Investors file police reports over fintech firm SixCapital

This article is more than 12 months old

Police reports have been filed by angry investors who fear they have lost millions of dollars invested in a local fintech currency trading firm.

SixCapital, or SixCap, promised returns as high as 18 per cent a year but stopped making payouts around June. Investors also had difficulties accessing their performance reports.

The firm e-mailed clients on June 8, saying OCBC Bank told it that its banking accounts could no longer be supported, and it was trying unsuccessfully to open accounts with other banks.

The company was then hit by a surge of withdrawal requests.

In a letter to investors dated Nov 10, SixCap said it had discontinued its two products, Tagg and B'Data, which earn yields for investors through foreign exchange trading.

Investors were told they could expect their principal back "over a 24-month period beginning in the second half of February 2018".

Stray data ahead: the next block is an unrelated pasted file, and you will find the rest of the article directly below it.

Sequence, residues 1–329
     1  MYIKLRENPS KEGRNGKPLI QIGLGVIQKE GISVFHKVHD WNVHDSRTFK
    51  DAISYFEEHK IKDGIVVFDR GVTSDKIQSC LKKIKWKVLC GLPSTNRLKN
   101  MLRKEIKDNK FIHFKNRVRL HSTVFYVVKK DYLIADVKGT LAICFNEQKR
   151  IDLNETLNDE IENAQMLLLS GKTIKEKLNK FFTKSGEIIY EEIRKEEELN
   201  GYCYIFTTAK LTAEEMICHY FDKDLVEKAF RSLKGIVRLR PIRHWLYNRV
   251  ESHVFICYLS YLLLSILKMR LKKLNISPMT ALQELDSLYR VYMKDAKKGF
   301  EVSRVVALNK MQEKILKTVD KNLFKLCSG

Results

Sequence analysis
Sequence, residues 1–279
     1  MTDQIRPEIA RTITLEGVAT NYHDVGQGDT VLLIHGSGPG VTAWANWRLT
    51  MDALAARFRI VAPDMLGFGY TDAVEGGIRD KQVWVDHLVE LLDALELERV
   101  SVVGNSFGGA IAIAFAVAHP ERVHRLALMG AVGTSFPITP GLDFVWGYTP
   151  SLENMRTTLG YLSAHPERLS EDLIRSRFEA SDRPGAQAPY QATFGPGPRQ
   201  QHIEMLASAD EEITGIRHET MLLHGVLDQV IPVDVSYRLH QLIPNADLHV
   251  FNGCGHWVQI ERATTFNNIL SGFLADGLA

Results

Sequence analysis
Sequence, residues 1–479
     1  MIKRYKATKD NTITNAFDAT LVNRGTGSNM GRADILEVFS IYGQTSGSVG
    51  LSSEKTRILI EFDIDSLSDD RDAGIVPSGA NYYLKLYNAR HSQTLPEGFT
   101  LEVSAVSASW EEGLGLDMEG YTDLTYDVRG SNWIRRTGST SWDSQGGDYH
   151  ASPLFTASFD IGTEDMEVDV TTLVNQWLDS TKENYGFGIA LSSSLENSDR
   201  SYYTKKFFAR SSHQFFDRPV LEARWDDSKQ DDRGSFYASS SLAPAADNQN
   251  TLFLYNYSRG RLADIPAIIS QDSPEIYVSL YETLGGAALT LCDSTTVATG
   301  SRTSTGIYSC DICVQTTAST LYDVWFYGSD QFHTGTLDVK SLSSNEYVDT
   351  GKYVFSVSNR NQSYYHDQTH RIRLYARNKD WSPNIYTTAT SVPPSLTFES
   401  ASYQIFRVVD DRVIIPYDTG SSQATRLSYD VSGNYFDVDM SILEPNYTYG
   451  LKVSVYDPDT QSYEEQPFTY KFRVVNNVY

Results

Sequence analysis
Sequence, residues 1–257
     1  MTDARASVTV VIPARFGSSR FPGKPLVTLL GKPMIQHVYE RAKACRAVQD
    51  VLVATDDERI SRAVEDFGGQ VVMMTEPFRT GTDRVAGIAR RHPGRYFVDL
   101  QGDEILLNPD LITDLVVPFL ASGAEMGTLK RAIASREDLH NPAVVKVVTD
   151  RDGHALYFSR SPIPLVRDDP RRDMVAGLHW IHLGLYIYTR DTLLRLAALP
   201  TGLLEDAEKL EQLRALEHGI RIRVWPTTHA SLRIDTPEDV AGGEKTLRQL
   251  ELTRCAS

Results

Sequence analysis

The letter also detailed the abrupt resignation on Oct 9 of SixCap chief scientific officer Abdalla Kablan and 13 of his key IT workers.

SixCap is run by sole owner Patrick Teng Chee Wai.

His son, Paul, who was SixCap's chief investment officer, told The Straits Times he resigned on Nov 1.

One of SixCap's presentation materials states that FX B Share, the predecessor of B'Data, is governed by Singapore law and vetted by law firm Rajah & Tann.

But Rajah & Tann senior partner David Yeow told ST: "The reference to my firm in the attachment was made without prior notice or approval from my firm."

Investors in Tagg and B'Data are now asking how they can recover their money.

Some filed reports with the police and the Commercial Affairs Department last month as they want an investigation into its transactions.

ST visited SixCap's Shenton Way office before noon on Nov 24 but the lights were off and the door locked. A security guard said it had been closed since Nov 20.

It marks a sharp turn of events for SixCap, which once sponsored events hosted by The Wall Street Journal and CNBC, where Mr Patrick Teng would appear as a speaker.